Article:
Yes, I know, I'm just as bad as the box stores as I am already designing, printing and publishing Christmas things even before Halloween.
A Mini Merry Marblevator Christmas Tree is a smaller version of this thing "http://www.thingiverse.com/thing:598343". Only four printed parts ("Track.stl", "Auger.stl", "Cap.stl" and "Star.stl") are required for a functional "A Mini Merry Marblevator Christmas Tree", additional parts will be forthcoming for "ornaments" if desired.
Video of prototype is here: https://www.youtube.com/watch?v=UsCQIRXqm_c. The next video show a prototype running at various speeds from 1.5vdc through 6.0vdc: https://www.youtube.com/watch?v=99CamFug-yE. Final video speed test with Angel top: https://www.youtube.com/watch?v=Z_C7dn4Jbk0.
Designed using Sketchup Make 2016, sliced with Cura, and printed on an Ultimaker 2 Extended (waiting for the Ultimaker 3!!!).
For the parts "Track.stl" and "Auger.stl" I used the Cura brim setting.
For the part "Star.stl" I used the Cura supports setting.
Parts I Purchased:
1) Gear Motor: DC 6V 60 RPM High Torque Electric Replacement Gear Box Motor (Amazon).
2) Coaxial Power Jack: Coaxial (Radio Shack part number 274-1583).
3) Power Supply: 6VDC (Radio Shack 273-315).
4) 8mm ball bearings (local hardware store, Amazon).
Print one each of all parts. When printing "Track.stl" and "Auger.stl" I used the Cura brim setting. When printing "Star.stl" I used the Cura supports setting.
Prior to assembly, test fit and trim, file, sand, etc. all parts as necessary for smooth movement of moving surfaces, and tight fit for non moving surfaces. Depending on the colors you chose and your printer settings, more or less trimming, filing and/or sanding will be required. If the tight fitting components are too loose, add a small dot of cyanoacrylate to each side of the pin, allow to dry completely (I use accelerator to speed the process), then try the fit again. Repeat until tight.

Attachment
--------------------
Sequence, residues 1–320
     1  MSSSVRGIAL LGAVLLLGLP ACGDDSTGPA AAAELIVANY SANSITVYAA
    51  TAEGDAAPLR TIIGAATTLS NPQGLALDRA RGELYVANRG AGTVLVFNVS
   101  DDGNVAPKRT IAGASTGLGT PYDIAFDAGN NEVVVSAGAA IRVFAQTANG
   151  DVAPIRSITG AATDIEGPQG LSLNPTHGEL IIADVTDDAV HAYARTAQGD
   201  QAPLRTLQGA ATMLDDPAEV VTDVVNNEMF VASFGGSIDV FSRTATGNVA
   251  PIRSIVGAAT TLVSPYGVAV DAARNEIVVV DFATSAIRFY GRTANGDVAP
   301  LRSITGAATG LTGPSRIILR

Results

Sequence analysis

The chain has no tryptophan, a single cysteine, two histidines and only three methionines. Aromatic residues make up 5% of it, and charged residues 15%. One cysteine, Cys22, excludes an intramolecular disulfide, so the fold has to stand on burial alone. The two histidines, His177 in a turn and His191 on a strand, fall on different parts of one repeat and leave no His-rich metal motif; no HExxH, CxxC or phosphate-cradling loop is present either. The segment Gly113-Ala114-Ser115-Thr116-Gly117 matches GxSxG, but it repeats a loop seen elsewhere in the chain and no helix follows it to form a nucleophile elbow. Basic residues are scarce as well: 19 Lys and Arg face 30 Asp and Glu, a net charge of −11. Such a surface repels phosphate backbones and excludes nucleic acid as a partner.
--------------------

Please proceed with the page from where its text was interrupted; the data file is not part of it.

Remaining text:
Assemble as per "Assembly.stl". I perform the assembly task in the following order:
1) Carefully remove the brim from the components printed with the brim setting and supports for the component printed with the support setting. Also carefully clean the entry and exit holes in "Track.stl" making sure the 8mm ball bearing easily enters these holes.
2) Slide "Auger.stl" into the larger tube of "Track.stl", making sure it rotates freely. If not, using "Auger.stl", ream the hole until it does. When fully seated in "Track.stl", notice the vertical position of "Auger.stl for the next step.
3) Press the gear motor into position. Make sure the gear motor shaft aligns with the hole in "Auger.stl", then press together such that the motor shaft enters the hole in the bottom of "Auger.stl". The motor shaft must extend into the hole in the bottom of "Auger.stl", and "Auger.stl" must be vertically positioned in "Track.stl" as noted in the previous step.
4) Press "Cap.stl" onto the top of "Track.stl".
5) Press "Star.stl" onto the top of "Auger.stl".
6) Wire the motor such that "Star.stl" rotates clockwise when viewed from the top of the assembly.
7) Test the mechanism by adding the ball bearings to the track and plugging it in. The ball bearings should enter the lower hole and exit the upper hole with ease. If any jamming, hesitancy, etc. is observed, use a modeling knife to slightly enlarge the holes, while being careful not to leave any trimmed plastic strands. Test again and repeat if necessary.